Write a monetized micro-story. 300 words or less. Give your story a title.
[mine comes in at over 500... oops]
Joe Montana and the Empty Wallet
It was a rainy afternoon in the fall of yesteryear. The family station wagon, yellow and rusted, was filled: mom and dad up front, older sisters one, two and three in the middle, me in the back. It was the monthly Saturday shopping trip to the discount store. All of the women of the family went in, the men stayed in the car. I was no man, though - a mere 7 or 8 - but I felt like one now sitting in my mom's front seat next to my dad, listening to news radio.
And we waited… and we waited… and waited some more. My dad said "It's what men do… wait on women!" Then he laughed. I didn't. I was impatient. My mind began to think of all the things inside that department store that i would want. I made a list in my head. My eyes grew big and my heart began to race. I knew what could make the torment of waiting be forgotten and forgiven.
Football cards. Yeah. Football… I had begun collecting trading cards a few years earlier, mostly baseball but this was a November Saturday. It was football season and I wanted football cards. I didn't want the measly single pack with 15 cards, I wanted the three pack with 51 cards, wrapped in cellophane, no doubt hanging near the check out counter, luring young boys to nag their parents to buy them.
Now all I had to do was get in the store.
My dad, enjoying the newscast wouldn't budge. I asked my dad if I could "please, please, please get a pack of football cards?"
"I don't have any money" my dad said. I didn't believe him. What kid does when a parent says that? Of course he has money. He's a dad.
I pressed him more and more… begged… pleaded… begged some more. With raised voices, we went back and forth.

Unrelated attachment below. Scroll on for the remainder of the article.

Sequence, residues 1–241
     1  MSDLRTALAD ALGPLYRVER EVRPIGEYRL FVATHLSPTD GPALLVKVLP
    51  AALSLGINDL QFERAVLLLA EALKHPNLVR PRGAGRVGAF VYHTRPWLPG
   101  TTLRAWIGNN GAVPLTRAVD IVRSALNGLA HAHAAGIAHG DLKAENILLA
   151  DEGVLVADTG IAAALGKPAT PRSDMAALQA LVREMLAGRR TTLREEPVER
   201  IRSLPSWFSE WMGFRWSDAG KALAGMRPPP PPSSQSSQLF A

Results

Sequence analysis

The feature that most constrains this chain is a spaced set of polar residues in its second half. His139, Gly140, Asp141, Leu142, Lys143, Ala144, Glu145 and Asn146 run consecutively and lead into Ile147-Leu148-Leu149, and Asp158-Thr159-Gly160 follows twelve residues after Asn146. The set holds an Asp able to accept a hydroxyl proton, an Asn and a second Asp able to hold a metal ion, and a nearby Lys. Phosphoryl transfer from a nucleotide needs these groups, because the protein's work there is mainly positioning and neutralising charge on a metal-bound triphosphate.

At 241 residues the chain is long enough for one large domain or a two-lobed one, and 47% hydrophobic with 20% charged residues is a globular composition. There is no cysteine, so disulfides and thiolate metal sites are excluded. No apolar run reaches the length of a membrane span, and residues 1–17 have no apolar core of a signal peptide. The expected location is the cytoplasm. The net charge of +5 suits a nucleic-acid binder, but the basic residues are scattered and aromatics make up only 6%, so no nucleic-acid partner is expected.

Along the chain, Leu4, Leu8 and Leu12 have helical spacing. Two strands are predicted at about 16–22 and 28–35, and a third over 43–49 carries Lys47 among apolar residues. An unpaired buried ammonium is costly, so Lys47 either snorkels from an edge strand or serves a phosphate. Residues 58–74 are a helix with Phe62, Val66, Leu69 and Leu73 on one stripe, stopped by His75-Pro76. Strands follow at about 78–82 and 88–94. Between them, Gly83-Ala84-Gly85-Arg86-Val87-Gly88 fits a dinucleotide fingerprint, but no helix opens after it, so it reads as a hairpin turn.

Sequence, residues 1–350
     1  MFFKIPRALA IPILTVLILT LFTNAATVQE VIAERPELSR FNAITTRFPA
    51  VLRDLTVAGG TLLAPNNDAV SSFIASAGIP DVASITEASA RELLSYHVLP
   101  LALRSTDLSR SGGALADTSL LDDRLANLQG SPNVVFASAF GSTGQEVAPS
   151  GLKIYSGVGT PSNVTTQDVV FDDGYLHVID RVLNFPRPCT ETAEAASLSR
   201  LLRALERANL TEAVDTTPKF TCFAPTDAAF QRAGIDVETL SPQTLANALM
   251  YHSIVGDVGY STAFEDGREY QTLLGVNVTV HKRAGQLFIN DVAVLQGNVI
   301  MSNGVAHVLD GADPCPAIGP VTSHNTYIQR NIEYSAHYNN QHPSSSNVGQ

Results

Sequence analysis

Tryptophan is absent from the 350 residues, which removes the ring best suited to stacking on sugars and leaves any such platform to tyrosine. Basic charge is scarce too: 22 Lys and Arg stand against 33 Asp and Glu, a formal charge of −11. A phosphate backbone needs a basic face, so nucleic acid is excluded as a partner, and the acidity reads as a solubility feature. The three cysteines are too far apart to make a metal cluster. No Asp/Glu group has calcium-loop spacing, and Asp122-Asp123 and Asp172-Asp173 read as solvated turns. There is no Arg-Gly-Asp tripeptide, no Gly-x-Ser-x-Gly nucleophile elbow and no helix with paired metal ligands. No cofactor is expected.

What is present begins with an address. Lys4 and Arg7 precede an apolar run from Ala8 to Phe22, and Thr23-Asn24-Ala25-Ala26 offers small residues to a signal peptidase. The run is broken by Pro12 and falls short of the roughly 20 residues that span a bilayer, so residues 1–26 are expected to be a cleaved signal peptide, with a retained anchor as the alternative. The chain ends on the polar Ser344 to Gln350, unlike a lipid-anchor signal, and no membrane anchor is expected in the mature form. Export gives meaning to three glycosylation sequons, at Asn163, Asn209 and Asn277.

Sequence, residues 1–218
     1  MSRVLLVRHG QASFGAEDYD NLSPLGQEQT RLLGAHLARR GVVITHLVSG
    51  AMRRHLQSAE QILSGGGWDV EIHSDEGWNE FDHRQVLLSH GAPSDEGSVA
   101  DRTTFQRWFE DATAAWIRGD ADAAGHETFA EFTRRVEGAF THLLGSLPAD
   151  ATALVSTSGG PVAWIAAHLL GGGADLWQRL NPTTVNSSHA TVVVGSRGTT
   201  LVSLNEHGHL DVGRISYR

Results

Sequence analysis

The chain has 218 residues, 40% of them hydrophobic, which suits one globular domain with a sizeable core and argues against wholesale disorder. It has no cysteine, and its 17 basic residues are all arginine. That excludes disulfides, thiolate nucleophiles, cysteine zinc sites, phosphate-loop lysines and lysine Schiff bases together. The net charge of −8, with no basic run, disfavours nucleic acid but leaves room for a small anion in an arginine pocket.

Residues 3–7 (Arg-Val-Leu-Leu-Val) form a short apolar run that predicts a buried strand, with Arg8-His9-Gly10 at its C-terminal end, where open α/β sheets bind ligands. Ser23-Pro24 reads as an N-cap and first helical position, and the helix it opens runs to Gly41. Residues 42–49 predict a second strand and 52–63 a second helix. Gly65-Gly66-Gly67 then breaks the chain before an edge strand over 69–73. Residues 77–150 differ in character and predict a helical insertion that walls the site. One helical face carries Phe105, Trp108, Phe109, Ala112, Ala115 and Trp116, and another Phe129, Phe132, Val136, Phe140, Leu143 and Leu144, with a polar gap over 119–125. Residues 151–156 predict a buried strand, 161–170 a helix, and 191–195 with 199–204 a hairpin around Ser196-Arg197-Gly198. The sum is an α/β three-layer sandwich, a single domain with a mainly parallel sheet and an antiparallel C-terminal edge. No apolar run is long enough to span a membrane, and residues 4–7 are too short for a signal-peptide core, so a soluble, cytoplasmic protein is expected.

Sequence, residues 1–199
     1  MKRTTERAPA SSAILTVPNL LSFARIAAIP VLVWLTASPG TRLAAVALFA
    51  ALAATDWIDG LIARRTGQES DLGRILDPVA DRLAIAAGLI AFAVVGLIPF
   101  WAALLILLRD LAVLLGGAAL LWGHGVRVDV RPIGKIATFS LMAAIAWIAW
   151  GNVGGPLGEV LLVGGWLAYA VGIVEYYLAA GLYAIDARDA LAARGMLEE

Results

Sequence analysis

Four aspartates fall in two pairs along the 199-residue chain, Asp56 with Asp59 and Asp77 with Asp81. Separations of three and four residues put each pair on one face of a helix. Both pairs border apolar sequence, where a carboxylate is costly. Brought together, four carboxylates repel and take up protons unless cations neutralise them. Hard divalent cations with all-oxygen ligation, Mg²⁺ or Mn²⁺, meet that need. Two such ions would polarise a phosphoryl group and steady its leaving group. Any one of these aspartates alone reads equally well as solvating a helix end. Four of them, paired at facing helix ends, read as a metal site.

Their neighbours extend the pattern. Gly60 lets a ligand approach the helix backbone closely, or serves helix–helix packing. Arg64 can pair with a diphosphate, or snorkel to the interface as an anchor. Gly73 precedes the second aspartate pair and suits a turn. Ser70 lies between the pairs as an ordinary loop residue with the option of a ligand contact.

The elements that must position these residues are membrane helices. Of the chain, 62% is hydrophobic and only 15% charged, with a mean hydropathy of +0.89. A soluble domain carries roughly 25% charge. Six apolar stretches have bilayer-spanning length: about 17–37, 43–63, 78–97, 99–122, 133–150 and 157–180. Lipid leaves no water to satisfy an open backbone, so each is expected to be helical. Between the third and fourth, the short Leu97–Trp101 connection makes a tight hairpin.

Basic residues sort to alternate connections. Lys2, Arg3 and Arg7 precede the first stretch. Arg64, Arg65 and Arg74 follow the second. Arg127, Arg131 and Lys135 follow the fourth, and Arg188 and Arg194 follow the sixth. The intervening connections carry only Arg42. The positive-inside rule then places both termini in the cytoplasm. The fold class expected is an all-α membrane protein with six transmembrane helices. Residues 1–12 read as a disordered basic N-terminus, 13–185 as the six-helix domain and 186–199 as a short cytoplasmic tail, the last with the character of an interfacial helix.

Then finally, the moment of infamy arrived. Looking me square in the eye my dad firmly spoke "I don't have anything."
I asked him to show me his wallet… a no no for kids… but he did it… he opened it up… and there, inside was a crisp one dollar bill. no other bills but one. Gazing at his last dollar, I asked if I could have it and he obliged.
That rainy Saturday afternoon, at the age of 7 or 8, I took my dad's last dollar, went in to the store and walked out with a cellophane wrapped pack of 1882 Topps football cards. With a Joe Montana action shot staring at me through the clear plastic wrap, I was now in heaven.
Twenty five years later as I said my last goodbyes to my father, all I could think of was that rainy Saturday afternoon when he literally gave me all that he had, in order to bring me just a fraction of joy wrapped in cellophane. Even though my dad is no longer with me, I still have that Joe Montana card. It now serves as an everlasting reminder of how great my father really was and how a measly gift of a dollar bill can have lasting effects on one's life.
Oct 26, 2011